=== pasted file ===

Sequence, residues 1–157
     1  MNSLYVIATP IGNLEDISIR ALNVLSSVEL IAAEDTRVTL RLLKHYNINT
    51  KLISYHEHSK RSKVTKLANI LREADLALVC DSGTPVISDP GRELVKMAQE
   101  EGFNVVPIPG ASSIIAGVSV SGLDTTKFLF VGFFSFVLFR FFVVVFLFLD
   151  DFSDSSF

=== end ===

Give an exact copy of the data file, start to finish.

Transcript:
Sequence, residues 1–157
     1  MNSLYVIATP IGNLEDISIR ALNVLSSVEL IAAEDTRVTL RLLKHYNINT
    51  KLISYHEHSK RSKVTKLANI LREADLALVC DSGTPVISDP GRELVKMAQE
   101  EGFNVVPIPG ASSIIAGVSV SGLDTTKFLF VGFFSFVLFR FFVVVFLFLD
   151  DFSDSSF